CHICAGO, IL The COVID-19 pandemic presents unique challenges to LGBTQ+ communities, people living with or most vulnerable to HIV, and to people of color, and is further exacerbated at the intersection of those populations in Chicago, the state of Illinois, and around the globe.
To begin addressing this critical topic, Chicago House and Social Service Agency is hosting a public forum titled "The Intersection of COVID-19, the HIV Epidemic, and LGBTQ+ Marginalization: Reflections, Lessons, and Next Steps," on Friday, April 24 at 11:00 AM CDT.
Join Illinois leaders for a critical conversation conducted on a video platform regarding the effects of COVID-19 on LGBTQ+ communities and those living with or most vulnerable to HIV. Moderated by The Reader publisher Tracy Baim, the discussion will address the health disparities among different communities, how those disparities are intensified by this pandemic, and how this crisis affects the collective efforts for the state's Getting to Zero plan for new HIV infections.
The roundtable discussion will include Illinois Lt. Governor Juliana Stratton, Illinois State Comptroller Susana Mendoza, Chicago House CEO Michael Herman, and Brave Space Alliance Founder and Executive Director LaSaia Wade.
The public is invited to register to attend the forum at www.chicagohouse.org/april24. The forum can also be viewed through Chicago House's Facebook page.
The institutions and advocates for LGBTQ+ communities, people living with or most vulnerable to HIV, and people of color say the daily challenges these populations face have worsened due to the pandemic.
"As a housing-first organization that has been active in some of Chicago's most vulnerable communities for the past 35 years, Chicago House primarily serves individuals living with or vulnerable to HIV/AIDS, the majority of whom enter into our services without stable housing," said Chicago House CEO Michael Herman. "We are now seeing that these same individuals are disproportionately affected by COVID-19. Our clients need regular access to resources like stable housing, transportation to access food and health services every day, and COVID-19 only magnifies these needs."
Individuals experiencing homelessness are far more likely to be hospitalized or require critical care because of COVID-19and at much higher risk of dying of COVID-19than stably housed individuals, due in part to dire lack of access to basic hygiene needs. Coupled with a higher likelihood of immune suppression in individuals living with HIV/AIDS and existing disparities in healthcare among the LGBTQ+ community, and especially in communities of color, the impact of COVID-19 is disproportionately felt in the most marginalized populations in Chicago and across Illinois.
Moderator Tracy Baim, is an award-winning publisher, editor, author, and film producer. Prior to becoming publisher of the Chicago Reader in 2018, she was co-founder, publisher and executive editor of Windy City Times, Chicago's weekly newspaper and website covering the LGBTQ+ community, and is the author of 12 books chronicling the history and personalities impacting the community.
This public conversation serves as part one of a two-part series that will include leadership from government, non-profit organizations, and members of the Chicagoland community. As the country continues to combat the COVID-19 pandemic, it is important that everyone unites and creates conversations among leaders from around the state to address reflections and lessons before, during, and after the COVID-19 pandemic. These conversations will raise awareness surrounding health disparities society faces and inform next steps that influence health outcomes, life expectancy, and the statewide Getting to Zero plan.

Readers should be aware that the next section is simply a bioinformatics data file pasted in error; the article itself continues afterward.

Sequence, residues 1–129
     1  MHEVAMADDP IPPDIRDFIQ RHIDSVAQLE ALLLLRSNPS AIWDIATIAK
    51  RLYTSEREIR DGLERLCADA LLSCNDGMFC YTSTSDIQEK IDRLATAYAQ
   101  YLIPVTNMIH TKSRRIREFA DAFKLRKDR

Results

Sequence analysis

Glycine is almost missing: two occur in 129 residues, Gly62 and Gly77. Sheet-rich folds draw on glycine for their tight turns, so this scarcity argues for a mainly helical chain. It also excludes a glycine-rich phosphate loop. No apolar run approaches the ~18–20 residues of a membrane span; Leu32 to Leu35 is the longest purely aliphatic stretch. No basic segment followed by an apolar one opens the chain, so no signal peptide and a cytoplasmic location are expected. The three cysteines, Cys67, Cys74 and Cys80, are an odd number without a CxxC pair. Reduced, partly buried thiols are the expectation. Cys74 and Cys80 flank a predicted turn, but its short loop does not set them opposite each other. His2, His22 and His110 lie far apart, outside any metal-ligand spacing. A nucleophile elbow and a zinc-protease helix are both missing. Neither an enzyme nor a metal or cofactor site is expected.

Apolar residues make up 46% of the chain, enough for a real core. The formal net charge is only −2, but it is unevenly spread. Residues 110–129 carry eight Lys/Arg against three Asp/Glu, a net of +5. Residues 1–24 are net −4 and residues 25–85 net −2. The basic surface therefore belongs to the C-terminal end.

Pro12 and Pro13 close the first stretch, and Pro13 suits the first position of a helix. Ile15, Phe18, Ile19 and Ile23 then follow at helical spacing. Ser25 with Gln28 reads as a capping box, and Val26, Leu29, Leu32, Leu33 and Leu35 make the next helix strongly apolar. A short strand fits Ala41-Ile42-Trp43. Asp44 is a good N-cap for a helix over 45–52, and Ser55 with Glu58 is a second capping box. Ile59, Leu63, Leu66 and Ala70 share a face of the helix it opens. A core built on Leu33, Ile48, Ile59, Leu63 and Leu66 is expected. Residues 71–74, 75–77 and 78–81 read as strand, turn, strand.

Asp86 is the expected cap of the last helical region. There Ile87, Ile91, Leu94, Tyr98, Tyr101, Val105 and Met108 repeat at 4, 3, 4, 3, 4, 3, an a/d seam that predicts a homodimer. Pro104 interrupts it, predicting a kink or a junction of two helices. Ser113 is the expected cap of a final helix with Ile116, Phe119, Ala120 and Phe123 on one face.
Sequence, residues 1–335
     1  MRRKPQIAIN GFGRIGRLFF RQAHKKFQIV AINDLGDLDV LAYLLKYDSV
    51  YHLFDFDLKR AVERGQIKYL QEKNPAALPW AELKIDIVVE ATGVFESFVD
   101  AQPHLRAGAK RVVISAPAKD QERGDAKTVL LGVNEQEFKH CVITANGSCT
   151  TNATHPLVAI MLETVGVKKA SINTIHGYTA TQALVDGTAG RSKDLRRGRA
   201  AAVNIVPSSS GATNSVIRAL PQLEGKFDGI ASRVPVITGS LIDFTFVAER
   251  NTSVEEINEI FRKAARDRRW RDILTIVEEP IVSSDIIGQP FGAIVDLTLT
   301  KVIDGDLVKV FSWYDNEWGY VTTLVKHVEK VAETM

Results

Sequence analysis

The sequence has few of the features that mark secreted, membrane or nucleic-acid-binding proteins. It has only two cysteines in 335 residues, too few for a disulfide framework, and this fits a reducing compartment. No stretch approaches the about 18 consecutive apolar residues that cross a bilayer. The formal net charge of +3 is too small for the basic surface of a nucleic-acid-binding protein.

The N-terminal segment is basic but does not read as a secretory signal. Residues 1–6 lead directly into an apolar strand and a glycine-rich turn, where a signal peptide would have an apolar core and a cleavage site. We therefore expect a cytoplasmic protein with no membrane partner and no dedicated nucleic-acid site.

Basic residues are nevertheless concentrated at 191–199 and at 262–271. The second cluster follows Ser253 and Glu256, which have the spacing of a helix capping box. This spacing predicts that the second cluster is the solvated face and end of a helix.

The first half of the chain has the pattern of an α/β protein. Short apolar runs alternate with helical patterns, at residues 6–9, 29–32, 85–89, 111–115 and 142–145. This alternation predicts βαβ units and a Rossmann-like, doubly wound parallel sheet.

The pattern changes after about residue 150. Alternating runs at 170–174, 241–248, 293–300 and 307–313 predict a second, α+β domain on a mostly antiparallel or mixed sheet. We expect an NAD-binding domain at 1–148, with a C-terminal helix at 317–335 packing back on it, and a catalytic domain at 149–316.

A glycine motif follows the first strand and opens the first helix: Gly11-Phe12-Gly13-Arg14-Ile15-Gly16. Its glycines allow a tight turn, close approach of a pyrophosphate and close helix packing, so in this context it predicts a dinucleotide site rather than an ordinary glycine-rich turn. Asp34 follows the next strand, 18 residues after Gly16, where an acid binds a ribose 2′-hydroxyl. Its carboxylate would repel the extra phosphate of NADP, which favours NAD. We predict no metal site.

"The disparities we see in this pandemic are not new. Rather, this pandemic has only magnified the historic inequities that have been rooted in far too many marginalized communities," said Lt. Gov. Juliana Stratton. "The dialogue about how we respond to and recover from COVID-19 must be had through an equity lens and be inclusive of those most impacted."
"The COVID-19 virus is causing great uncertainty in communities throughout Illinois. We want to be natural and human and interact with friends and loved ones and instead we have to socially distance ourselves," said Illinois Comptroller Susana Mendoza. "And that can jeopardize our mental health. As we look to protect our residents, including vulnerable people with compromised immune systems, it's an appropriate time to consider our approach to public health policy and government's role in keeping people safe and able to access affordable health care."
Chicago House and Social Service Agency has been on the forefront of reducing barriers for those affected by HIV/AIDS since the early years of the epidemic. Founded in 1985, Chicago House was the first HIV housing provider in the Midwest. It now serves nearly 3,000 individuals annually through expanded programming designed to holistically support individuals impacted by HIV/AIDS through housing, health, employment services, and the TransLife Care Program.
Brave Space Alliance, the first Black-led, trans-led LGBTQ Center located on the South Side of Chicago, is dedicated to creating and providing affirming, culturally competent resources, programming, and services for LGBTQ individuals on the South and West sides of Chicago. The alliance strives to empower, embolden, and educate each other through mutual aid, knowledge-sharing, and the creation of community-sourced resources as it builds towards the liberation of all oppressed peoples.
From a press release